In BTC3 cells exposed to either 25 mmol/L (HG, high glucose) or 5 mmol/L (LG, low glucose or normal glucose) during 10 days, gene expression was analyzed with the Affymetrix Mouse GENE 1.0 ST array. Genome‐wide DNA methylation was measured in LG and HG cells using NimbleGen Mouse DNA Methylation 2.1M Deluxe Promoter Array.
Changes in gene expression in BTC3 cells response to high glucose
BTC3‐HG showed differential expression of 19 genes as compared to LG based on a fold change ≥1.5 and a P‐value ≤0.05 (Table 1). Txnip showed the highest observed fold change (fold change = 2.8, P = 0.005), whereas Prssl1 with a fold change about 1.6 showed the lowest P‐value (P = 0.0003). Using Ingenuity Upstream Regulator Analysis (Ingenuity Systems, Redwood, CA), a tool to identify the cascade of upstream transcriptional regulators that can explain the observed gene expression changes, we found that PDX‐1 (pancreatic and duodenal homeobox 1) is a regulator of these genes (P = 4 × 10−7).
With a less stringent criteria of only P‐value ≤0.05, HG showed differential expression of 1612 genes as compared to LG (Table S1). These 1612 genes were analyzed by Ingenuity Pathway Analysis (IPA, Ingenuity Systems). The five most significant (P < 0.05) molecular and cellular functions are: (i) cellular movement (P = 4 × 10−4), (ii) cell function and maintenance (P = 5 × 10−4), (iii) cell morphology (P = 9 × 10−4), (iv) cell‐to‐cell signaling interaction (P = 1 × 10−3), and (v) cellular development (P = 1 × 10−3). Using Ingenuity Upstream Regulator Analysis (Ingenuity Systems), we found that SMARCE1, a chromatin remodeler, (P = 6 × 10−5) is a likely regulator of these genes.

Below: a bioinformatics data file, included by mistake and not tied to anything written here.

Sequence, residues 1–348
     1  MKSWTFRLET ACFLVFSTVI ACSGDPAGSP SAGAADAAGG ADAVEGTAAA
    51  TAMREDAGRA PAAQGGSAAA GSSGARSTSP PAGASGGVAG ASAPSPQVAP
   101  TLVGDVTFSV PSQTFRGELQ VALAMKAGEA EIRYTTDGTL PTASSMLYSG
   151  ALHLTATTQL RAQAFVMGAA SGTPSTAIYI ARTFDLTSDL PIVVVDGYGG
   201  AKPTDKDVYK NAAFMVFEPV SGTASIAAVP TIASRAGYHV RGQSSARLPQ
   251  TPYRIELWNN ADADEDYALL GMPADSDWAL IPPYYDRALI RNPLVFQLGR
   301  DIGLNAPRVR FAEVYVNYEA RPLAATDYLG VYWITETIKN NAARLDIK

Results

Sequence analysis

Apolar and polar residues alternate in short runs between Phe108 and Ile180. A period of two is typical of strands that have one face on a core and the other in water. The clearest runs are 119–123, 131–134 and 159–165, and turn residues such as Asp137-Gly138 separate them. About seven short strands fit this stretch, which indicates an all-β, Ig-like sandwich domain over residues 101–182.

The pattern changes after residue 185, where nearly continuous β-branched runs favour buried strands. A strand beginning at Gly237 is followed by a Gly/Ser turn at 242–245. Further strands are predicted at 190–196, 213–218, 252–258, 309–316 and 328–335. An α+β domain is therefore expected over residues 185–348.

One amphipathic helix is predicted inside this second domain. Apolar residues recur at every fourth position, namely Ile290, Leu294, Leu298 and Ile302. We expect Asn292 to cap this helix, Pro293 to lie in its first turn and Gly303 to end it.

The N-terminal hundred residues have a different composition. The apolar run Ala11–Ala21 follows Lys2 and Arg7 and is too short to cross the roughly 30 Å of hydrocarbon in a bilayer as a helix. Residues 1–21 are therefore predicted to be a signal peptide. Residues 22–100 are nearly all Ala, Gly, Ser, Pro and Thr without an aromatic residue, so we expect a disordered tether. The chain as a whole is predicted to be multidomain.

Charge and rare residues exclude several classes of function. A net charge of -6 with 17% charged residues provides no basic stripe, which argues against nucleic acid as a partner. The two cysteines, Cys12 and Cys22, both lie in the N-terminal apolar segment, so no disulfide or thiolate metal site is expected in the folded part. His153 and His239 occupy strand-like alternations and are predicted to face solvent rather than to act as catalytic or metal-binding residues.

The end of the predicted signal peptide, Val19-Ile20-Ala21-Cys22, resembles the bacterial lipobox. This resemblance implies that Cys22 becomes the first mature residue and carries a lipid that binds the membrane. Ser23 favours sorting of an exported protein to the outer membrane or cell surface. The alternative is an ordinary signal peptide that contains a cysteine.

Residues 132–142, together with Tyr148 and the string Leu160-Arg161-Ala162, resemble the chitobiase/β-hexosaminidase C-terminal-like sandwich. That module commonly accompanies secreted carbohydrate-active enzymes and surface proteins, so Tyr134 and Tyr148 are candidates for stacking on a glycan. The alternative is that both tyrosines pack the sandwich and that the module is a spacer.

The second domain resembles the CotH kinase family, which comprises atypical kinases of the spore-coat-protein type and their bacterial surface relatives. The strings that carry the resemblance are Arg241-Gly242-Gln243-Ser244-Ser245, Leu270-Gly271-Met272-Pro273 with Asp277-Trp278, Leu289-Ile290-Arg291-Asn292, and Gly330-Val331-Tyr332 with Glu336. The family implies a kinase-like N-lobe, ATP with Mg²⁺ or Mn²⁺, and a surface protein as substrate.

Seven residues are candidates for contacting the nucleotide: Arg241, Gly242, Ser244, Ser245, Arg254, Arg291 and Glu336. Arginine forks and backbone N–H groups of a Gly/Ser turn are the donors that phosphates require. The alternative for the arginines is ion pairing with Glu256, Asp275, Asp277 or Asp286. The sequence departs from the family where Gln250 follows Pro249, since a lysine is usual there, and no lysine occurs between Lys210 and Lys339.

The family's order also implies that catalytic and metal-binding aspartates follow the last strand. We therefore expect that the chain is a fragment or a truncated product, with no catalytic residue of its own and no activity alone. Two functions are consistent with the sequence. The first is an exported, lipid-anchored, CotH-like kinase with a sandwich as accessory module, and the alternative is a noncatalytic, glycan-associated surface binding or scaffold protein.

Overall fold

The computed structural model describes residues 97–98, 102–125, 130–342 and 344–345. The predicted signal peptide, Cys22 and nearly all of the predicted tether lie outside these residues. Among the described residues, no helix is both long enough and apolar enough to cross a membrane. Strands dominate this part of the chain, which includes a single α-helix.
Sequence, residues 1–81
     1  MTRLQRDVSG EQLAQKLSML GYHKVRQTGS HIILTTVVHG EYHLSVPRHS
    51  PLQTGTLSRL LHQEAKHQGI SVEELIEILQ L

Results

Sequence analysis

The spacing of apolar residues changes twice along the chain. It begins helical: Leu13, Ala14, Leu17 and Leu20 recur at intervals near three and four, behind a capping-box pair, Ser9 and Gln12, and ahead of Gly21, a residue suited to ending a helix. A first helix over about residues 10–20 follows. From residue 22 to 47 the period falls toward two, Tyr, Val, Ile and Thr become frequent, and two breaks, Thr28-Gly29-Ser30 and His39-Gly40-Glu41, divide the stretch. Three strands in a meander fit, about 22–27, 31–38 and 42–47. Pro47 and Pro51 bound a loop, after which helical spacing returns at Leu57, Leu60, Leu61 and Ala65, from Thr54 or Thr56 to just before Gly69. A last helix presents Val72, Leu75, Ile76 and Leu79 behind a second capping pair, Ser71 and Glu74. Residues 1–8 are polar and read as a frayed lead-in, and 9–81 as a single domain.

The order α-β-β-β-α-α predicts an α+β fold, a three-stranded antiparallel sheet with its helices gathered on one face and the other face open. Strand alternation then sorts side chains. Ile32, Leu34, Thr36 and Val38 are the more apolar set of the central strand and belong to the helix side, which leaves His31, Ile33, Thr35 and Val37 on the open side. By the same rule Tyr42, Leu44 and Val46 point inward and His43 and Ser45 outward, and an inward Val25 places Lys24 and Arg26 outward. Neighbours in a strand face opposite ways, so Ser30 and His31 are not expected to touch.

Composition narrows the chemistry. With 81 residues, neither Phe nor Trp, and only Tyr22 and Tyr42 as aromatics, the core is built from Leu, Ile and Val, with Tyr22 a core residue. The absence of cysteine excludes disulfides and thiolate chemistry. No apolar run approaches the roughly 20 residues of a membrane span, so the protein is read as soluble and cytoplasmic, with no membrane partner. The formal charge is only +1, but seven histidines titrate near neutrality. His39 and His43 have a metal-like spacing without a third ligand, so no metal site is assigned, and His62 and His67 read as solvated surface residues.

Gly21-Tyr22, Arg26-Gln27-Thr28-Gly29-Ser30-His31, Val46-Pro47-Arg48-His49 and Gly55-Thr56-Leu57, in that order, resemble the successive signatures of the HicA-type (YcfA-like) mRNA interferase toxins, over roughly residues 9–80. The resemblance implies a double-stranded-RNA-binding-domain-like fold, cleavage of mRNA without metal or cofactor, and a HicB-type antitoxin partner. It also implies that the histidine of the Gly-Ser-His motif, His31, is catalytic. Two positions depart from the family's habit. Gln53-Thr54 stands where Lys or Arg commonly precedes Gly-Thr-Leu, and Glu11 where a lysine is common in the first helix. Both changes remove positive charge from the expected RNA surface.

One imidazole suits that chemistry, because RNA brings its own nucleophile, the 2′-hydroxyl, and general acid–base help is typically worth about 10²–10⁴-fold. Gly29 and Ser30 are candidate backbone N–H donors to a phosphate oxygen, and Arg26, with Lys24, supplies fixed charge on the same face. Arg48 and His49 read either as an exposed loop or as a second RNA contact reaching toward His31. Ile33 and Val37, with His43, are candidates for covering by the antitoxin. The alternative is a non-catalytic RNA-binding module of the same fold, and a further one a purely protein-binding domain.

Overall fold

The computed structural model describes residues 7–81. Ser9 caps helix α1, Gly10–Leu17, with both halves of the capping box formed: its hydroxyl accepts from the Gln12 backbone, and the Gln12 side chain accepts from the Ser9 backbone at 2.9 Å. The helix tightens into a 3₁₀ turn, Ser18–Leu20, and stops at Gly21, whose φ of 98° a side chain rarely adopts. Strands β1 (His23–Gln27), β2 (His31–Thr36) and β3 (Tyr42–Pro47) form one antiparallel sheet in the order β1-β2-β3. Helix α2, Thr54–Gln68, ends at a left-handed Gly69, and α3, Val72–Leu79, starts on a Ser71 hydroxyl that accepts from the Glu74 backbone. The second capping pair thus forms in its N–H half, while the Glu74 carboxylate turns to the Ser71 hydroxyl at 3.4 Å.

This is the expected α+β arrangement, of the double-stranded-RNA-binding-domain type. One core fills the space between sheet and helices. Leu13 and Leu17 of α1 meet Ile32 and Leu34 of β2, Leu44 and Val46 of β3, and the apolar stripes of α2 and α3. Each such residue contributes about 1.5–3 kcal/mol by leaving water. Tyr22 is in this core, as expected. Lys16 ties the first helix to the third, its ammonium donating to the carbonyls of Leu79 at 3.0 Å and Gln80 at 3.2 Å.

Epigenome‐wide changes in DNA methylation in BTC3 cells in response to high glucose
BTC3‐HG showed DMRs compared to LG in 173 sites (Table S2, Fig. 1). The maximum DNA methylation change is observed for the Cap2 gene, a homolog of the human adenylyl cyclase‐associated protein. We subjected the identified regions to IPA. The five most significant (P < 0.05) molecular and cellular functions are: (i) cell death and survival (P = 1 × 10−4), (ii) cellular development (P = 2 × 10−4), (iii) cellular growth and proliferation (P = 2 × 10−4), (iv) amino acid metabolism (P = 3 ×10−4), and (v) molecular transport (P = 3 × 10−4). We found that ATF2 (P = 4 × 10−7) is a likely regulator of these 173 loci.